Franco Harris embarks on quest to lessen Penn State sanctions
Franco Harris is on a mission to visit all 18 NCAA board members seeking leniency for Penn State University to restore some of his alma mater's erased gridiron glory.
The Hall of Fame former Pittsburgh Steelers running back began his quest on Tuesday in California, where he tried to meet with UCLA Chancellor Gene Block and Timothy White, chancellor of the University of California, Riverside. Harris said neither made himself available.
He's not sure whether any of the NCAA board members will see him, but he's determined to press his case.
“Is he on a fool's errand? Who knows? I think all of us who work and live in the NCAA world have been watching this whole thing because it is such an aberration,” said Stephen Morgan, a lawyer and former NCAA Division I chief of staff.
Harris, 62, of Sewickley said the NCAA's sanctions in the Jerry Sandusky child-sex scandal were a rushed judgment against the university and the late head football coach Joe Paterno. They included a $60 million fine, a ban from post-season bowl play and elimination of 111 victories from 1998 to 2011.
He didn't detail his itinerary. Board members work at places such as the University of South Florida, Utah State University and Rice University in Texas.
Harris wants them to consider reinstating at least six years of Paterno's wins. He argues that during the first three years of the period, law enforcement had cleared Sandusky, a former assistant coach, and in the final three years the matter was in the hands of the state attorney general, who he said could have filed charges much sooner.
Paterno died in January, two months after university trustees fired him in the wake of the Sandusky scandal. Sandusky, 68, is awaiting sentencing for his conviction in June for sexually molesting 10 boys.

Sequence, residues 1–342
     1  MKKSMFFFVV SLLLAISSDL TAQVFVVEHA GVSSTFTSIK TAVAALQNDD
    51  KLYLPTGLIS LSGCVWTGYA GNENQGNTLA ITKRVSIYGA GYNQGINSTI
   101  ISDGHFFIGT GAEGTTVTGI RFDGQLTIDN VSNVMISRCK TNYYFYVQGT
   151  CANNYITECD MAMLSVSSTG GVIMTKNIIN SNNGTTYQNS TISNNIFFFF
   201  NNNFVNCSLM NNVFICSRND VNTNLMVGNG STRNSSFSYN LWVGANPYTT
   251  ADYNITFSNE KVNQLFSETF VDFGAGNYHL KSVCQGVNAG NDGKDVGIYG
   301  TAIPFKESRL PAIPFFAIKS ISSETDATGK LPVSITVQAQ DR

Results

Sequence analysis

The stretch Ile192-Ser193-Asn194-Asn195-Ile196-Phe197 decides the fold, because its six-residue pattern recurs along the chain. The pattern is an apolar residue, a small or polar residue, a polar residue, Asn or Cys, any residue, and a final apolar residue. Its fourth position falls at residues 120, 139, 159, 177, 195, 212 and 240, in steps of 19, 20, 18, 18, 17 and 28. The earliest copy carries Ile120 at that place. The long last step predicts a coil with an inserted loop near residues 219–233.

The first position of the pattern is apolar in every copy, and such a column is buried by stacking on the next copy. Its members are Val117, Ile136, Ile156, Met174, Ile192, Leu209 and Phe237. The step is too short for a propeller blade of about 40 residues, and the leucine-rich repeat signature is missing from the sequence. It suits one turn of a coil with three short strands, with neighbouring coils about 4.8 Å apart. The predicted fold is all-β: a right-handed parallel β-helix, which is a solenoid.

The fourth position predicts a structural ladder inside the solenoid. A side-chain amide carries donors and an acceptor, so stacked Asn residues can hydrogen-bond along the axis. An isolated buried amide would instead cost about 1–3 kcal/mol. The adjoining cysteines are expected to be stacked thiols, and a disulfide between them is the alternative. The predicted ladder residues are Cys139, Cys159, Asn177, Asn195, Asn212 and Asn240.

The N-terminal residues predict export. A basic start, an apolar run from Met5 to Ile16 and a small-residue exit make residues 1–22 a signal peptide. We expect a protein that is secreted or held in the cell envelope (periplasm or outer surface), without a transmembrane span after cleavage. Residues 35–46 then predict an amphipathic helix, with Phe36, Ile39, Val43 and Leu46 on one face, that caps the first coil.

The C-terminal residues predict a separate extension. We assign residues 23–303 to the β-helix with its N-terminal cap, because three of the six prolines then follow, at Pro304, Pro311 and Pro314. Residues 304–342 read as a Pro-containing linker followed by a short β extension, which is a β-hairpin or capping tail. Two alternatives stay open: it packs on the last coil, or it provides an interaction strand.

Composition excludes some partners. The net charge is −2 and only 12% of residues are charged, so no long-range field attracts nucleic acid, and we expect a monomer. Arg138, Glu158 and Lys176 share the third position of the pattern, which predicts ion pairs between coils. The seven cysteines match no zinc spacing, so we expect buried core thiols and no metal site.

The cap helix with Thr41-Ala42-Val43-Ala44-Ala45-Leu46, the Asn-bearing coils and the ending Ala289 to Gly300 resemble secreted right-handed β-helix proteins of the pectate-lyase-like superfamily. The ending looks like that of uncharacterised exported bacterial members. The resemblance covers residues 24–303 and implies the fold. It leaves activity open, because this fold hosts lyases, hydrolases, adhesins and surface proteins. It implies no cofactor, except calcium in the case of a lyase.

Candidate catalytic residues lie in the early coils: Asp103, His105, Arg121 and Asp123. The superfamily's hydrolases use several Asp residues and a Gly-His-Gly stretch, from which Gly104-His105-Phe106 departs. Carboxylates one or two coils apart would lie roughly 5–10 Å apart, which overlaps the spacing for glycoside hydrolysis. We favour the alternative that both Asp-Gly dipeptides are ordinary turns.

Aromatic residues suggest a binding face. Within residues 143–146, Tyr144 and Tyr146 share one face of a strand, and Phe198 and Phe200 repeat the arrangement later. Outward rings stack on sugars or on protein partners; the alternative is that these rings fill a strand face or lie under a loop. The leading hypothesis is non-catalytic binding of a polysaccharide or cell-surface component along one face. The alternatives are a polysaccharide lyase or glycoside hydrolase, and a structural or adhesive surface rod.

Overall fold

“This happened to someone very dear to me. But I really believe everyone deserves due process and this hurt the university,” said Harris, adding he will be at Penn State on Saturday to cheer the Nittany Lions when they begin their first season in six decades without Paterno.
Harris said he never imagined himself calling on college presidents.
“But then I never imagined anything like this could happen. I'm still trying to come to grips with it,” he said.
Neither Block, who aides said was traveling on Tuesday and Wednesday, nor White could be reached for comment.
Penn State trustee Anthony Lubrano, a critic of the investigative report cited by the NCAA in its sanctions, commended Harris.
“Penn Staters take strength from Franco's unselfish acts on behalf of their alma mater. I just wish we had more Franco Harrises in this world,” Lubrano said.
Sandy Deveney, a Harris classmate, said it would be a mistake to underestimate him.
“I don't know if I'd try to cold call people of that stature. But it's not Sandy Deveney knocking on their doors; it's Franco Harris. The man is on a mission,” Deveney said.
Josephine Potuto, a University of Nebraska law professor and former member of the NCAA Infractions Committee, said she has never heard of anything quite like Harris' quest.
“I doubt very much that it will harm Penn State, but I also can't imagine it will help,” she said.
The investigative report by former FBI Director Louis Freeh concluded that Paterno and other top university officials concealed allegations about Sandusky.
University officials and the leadership of its board of trustees accepted the report and the NCAA sanctions, but others, including some trustees, former players, alumni and a group of faculty leaders, have lambasted the findings.
Debra Erdley is a staff writer for Trib Total Media. She can be reached at 412-320-7996 or email@example.com.
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